Sea Shepherd volunteers, posing as tourists, watched nine whale hunts in the Faroe Islands from July to September last year that they claim wiped out 198 dolphins and 436 whales, writes The Sun.
One Sea Shepherd volunteer told Fox News: ”Witnessing a grind first hand was truly an eye-opening experience. As the pilot whales were driven to the shoreline by the small boats the intensity of the thrashing bodies grew. Hooks were sunk into the blowholes and the whales were dragged onto the shore in a sadistic game of ‘Tug of War.’ We witnessed whales seemingly bashing their heads against the stones in a frenzy.”
Around 1.700 pilot whales and white-sided dolphins were caught in the Faroe Islands in 2017, according to the Faroese government.
However, the Faroese government defends the practice: ”Sea Shepherd representatives will go to any lengths to paint a negative picture of the Faroese whale hunt as barbaric and evil with the aim of inciting anger and outrage against the people of the Faroe Islands. Catches are shared largely without the exchange of money among the participants in a whale drive and residents of the local district where they are landed”, said the Faroese Government according to Fox News.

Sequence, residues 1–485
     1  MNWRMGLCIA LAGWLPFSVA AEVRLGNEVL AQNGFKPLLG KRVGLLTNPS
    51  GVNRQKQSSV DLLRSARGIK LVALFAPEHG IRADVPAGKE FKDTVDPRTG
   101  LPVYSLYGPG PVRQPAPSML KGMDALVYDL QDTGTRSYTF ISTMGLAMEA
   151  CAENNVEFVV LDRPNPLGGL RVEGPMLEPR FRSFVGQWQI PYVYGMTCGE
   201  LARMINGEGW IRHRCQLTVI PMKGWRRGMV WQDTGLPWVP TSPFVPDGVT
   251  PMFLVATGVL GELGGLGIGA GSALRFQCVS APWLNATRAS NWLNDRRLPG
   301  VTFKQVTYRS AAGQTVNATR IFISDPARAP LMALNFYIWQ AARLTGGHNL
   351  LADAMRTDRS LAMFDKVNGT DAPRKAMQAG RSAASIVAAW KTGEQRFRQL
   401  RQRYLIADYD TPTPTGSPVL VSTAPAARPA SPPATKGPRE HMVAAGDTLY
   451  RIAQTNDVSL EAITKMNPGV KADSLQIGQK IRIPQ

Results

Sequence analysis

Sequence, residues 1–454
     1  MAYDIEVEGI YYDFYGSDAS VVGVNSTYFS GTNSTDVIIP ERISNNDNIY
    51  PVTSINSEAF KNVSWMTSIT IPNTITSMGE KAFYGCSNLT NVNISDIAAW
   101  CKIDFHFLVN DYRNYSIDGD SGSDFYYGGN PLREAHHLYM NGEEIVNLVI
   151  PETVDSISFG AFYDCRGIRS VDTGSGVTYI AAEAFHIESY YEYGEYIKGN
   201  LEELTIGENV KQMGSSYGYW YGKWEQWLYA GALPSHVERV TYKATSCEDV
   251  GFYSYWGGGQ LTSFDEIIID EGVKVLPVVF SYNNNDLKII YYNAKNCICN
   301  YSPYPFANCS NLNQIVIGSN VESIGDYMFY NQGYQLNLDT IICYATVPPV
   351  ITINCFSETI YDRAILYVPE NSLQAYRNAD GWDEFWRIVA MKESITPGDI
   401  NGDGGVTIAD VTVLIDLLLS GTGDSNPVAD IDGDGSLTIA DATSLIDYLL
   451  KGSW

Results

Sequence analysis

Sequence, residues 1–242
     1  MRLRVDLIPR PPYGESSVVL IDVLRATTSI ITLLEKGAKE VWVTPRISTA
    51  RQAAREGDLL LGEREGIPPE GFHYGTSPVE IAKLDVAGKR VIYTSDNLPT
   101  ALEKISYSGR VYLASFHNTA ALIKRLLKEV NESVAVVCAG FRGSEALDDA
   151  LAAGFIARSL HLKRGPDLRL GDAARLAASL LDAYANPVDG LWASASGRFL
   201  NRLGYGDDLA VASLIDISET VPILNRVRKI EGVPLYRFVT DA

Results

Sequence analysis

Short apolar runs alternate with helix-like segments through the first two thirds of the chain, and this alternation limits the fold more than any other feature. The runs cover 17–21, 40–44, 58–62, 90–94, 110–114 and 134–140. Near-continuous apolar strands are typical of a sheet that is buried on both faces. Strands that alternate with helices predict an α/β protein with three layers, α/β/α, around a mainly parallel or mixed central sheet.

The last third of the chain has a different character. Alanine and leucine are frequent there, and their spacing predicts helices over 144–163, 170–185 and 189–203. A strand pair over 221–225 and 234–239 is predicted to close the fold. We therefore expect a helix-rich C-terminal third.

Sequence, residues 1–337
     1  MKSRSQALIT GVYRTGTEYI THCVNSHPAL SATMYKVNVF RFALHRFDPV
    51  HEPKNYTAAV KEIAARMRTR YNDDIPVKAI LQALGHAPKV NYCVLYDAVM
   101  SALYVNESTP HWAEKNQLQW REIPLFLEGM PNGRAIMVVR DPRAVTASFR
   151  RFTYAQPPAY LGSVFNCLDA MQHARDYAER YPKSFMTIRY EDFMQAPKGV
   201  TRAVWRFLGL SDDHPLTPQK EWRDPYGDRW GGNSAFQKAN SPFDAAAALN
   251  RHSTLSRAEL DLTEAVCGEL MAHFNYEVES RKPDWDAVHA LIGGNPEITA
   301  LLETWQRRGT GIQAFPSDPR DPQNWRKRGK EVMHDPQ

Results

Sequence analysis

The Faroese government added: ”Each whale provides the communities with several hundred kilos of meat and blubber – meat that otherwise had to be imported from abroad”.
Faroese authorities point out that: “Whaling on the islands is sustainable. The long-term annual average catch of pilot whales – i.e. around 800 whales, with large fluctuations in total catches and the number of individual whale drives from year to year – in the Faroe Islands represents less than 1% of the total estimated stock”.
The islands’ government adds that the pilot whale population in the eastern North Atlantic is approximately 778,000, of which around 100,000 are around the Faroes.
Image credits: Rex Features/The Sun
Article edited 28 February 2018, 13.25